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Magpie Murders Hardcover – October 6, 2016
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About the Author
Anthony Horowitz is the author of twenty bestselling children's books, including the Alex Rider series. He is also a TV screenwriter. He lives in North London. --This text refers to an out of print or unavailable edition of this title.
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Top Customer Reviews
"Magpie Murders" is set in both current-day and 1955 London, as well as a small town near Bath. Two murders occur in the small town and famous detective Atticus Pund becomes involved in figuring out the case. He comes to the village and begins his investigation. THIS is the plot in a book written by author Alan Conway. The book is the ninth in the "Pund" series and Susan Ryeland, Conway's editor at his London publisher, Cloverleaf Books. The reader begins the journey into the Russian dolls by reading Alan Conway's novel. But the ending of the book is literally missing and when Ryeland tries to piece together the novel, the other dolls begin to show themselves. Anthony Horowitz writes ALL his voices with a firm, yet clever hand. For some reason, the reader keeps the places, plot points, and characters separate, even as the book turns into another book, and turns yet again. Horowitz has the last word in his novel.
I've read very few novels as cleverly plotted as this one. It's a delightful book and I can heartily recommend it.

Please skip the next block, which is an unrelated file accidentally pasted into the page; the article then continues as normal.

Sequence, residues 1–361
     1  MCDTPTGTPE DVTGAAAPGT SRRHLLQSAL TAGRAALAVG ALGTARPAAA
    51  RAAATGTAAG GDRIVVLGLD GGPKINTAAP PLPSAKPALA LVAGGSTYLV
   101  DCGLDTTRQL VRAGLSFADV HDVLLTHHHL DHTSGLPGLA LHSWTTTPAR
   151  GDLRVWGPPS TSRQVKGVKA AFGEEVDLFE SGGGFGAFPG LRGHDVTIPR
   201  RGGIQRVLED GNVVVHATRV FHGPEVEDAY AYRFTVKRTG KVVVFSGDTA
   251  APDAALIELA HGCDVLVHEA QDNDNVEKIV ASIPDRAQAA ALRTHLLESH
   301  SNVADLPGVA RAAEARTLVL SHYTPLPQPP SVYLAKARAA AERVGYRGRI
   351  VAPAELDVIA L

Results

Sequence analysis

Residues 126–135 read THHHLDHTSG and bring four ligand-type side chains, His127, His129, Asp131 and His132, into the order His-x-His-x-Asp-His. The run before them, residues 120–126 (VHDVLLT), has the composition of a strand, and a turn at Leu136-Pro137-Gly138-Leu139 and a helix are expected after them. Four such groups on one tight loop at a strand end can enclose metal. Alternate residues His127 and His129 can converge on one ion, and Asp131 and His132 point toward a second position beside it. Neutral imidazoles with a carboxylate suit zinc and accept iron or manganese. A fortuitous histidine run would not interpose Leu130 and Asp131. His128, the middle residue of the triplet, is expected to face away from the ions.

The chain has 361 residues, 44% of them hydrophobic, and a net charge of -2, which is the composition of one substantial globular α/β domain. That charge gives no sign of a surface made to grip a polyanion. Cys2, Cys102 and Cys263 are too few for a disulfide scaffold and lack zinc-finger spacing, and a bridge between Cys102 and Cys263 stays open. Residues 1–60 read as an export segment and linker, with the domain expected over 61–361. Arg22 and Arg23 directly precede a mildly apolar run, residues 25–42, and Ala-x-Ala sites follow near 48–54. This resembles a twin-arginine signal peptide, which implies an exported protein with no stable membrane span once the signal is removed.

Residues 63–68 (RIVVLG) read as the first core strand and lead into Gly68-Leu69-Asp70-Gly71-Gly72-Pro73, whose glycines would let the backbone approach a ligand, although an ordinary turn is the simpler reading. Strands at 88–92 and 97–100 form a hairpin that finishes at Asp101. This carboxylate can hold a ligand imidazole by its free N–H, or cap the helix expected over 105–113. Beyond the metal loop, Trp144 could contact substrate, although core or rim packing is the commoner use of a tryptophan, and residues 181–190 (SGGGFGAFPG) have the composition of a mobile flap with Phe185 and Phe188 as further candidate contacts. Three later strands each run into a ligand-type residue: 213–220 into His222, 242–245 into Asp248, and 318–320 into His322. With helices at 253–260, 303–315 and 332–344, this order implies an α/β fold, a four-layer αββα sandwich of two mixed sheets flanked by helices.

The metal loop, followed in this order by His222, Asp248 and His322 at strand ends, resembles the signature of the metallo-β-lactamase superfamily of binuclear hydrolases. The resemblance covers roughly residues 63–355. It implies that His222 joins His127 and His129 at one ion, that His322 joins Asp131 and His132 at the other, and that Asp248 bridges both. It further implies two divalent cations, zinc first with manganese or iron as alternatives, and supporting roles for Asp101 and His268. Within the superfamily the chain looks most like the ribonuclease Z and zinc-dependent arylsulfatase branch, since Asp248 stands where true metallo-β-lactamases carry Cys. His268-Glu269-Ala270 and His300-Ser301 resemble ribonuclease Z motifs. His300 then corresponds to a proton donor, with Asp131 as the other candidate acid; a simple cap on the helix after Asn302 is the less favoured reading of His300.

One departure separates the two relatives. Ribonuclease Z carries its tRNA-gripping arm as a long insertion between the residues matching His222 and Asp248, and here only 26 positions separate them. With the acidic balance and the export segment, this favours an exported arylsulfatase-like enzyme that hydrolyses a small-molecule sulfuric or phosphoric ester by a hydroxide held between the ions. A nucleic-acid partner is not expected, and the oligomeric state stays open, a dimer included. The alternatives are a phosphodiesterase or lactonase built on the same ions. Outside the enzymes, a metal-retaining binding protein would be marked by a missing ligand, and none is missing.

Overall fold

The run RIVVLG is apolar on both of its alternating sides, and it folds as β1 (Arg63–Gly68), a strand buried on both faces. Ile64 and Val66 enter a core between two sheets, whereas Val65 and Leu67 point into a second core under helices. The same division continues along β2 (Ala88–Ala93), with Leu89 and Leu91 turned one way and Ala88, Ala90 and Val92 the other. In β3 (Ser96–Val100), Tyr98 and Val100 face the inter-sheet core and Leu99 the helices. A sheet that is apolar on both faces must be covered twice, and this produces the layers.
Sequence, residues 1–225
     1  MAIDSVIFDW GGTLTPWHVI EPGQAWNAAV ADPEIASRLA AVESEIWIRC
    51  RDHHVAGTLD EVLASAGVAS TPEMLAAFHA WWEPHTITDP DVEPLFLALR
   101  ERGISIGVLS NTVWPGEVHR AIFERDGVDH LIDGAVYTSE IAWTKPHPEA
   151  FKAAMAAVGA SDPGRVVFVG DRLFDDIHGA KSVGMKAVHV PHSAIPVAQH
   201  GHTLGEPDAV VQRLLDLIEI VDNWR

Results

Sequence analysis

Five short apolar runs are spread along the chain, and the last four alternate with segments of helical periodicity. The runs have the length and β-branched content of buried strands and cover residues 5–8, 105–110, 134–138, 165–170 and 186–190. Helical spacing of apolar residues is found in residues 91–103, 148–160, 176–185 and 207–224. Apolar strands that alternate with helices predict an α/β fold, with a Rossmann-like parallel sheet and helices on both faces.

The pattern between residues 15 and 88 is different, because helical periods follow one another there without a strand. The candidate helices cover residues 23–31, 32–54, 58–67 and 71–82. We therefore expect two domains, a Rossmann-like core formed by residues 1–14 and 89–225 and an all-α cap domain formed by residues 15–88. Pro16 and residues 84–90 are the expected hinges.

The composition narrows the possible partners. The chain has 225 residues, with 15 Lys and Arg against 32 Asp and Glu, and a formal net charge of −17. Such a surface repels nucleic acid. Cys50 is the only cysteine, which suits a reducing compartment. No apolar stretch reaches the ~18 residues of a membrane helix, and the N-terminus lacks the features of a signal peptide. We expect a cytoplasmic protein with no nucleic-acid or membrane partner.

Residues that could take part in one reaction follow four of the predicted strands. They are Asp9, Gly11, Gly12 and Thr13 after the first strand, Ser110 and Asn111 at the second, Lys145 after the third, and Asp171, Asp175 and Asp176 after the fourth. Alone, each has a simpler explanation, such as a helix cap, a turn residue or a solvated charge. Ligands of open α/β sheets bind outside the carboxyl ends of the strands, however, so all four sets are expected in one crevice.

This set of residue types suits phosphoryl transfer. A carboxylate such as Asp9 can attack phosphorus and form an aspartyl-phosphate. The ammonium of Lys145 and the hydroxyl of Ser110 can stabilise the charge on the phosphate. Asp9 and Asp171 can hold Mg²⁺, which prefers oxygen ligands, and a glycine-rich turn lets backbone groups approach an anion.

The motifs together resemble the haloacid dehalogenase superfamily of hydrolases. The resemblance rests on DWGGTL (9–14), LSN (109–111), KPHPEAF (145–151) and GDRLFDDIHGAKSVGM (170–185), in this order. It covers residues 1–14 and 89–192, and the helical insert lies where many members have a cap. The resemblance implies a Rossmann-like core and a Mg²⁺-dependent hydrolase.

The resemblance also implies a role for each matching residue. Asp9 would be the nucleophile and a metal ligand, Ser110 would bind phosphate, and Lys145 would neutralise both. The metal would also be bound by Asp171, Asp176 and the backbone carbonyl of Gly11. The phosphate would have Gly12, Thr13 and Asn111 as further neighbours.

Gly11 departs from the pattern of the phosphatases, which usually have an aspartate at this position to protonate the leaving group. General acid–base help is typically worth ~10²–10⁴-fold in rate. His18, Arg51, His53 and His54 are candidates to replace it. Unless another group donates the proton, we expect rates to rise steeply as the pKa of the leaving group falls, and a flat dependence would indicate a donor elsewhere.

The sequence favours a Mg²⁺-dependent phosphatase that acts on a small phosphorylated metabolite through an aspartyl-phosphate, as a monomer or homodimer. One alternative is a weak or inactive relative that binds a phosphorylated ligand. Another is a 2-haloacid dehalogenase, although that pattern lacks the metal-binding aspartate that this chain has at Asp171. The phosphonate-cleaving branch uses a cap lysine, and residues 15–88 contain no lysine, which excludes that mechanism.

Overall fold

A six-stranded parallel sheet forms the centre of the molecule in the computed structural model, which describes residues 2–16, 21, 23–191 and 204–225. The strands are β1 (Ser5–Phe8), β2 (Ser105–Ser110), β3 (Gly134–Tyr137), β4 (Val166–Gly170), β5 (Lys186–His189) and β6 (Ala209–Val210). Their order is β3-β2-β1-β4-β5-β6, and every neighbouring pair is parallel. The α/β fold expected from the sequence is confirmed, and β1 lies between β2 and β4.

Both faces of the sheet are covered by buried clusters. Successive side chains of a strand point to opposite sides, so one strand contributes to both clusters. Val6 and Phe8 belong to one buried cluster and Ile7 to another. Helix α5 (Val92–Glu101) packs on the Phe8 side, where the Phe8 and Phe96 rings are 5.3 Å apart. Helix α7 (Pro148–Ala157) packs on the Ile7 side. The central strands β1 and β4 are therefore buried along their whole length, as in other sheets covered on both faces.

A page or two into the book and readers will figure out that they are looking at the manuscript of a novel. The characters, plot, etc. don't match the cover blurb at all, so the inclination is to skip ahead to find some connection to what has been promised by the publisher, reviews, etc. That found, around page 220 aka page 4 (author's way of reminding that a second story has been launched), the reader (this one, at least) can go back to the first part of the book with some partial understanding of what is eventually in store as far as sequence is concerned.
While the packaging is rather unique and intriguing, one of the two core stories here is classic British cozy, set in Post-WWII England. Bodies fall (mostly at the local manor house); motivations are examined by a traditional private eye type working with the local cops; and all is revealed eventually in a kind of group tell-all session.
The second story, much more complex and modern, has its own wind-up and wind-down and features an editor/sleuth who follows the plot in the first story to expose the crime and criminal in part two. There is a lot of inside publishing humor--snide references to Midsomer Murders, Agatha Christie etc. and writing for eventual pick-up for TV-filming.
Confused? Well, that's in least in part because my review probably doesn't sort things out as well as could be. Nevertheless, you will unscramble the various parts easily enough and, I predict, enjoy this all the way to its juicy ending. A very fine story and a lot of fun.
I was intrigued by the premise of the story - a murder story within a murder story.
The book begins with an editor reading a new manuscript.
We get to read the manuscript alongside the editor until the point where the detective knows 'whodunit' and then the editor discovers the final pages are missing! Cue drum roll.
From here the current time mystery deepens as the publishers hunt for the missing pages and dead bodies turn up.
I thought the ending of the second murder mystery was a little predictable and went on for slightly too long but I loved the entwining of the plots and characters.
I'm afraid I lost interest in their fate or what century they were living in.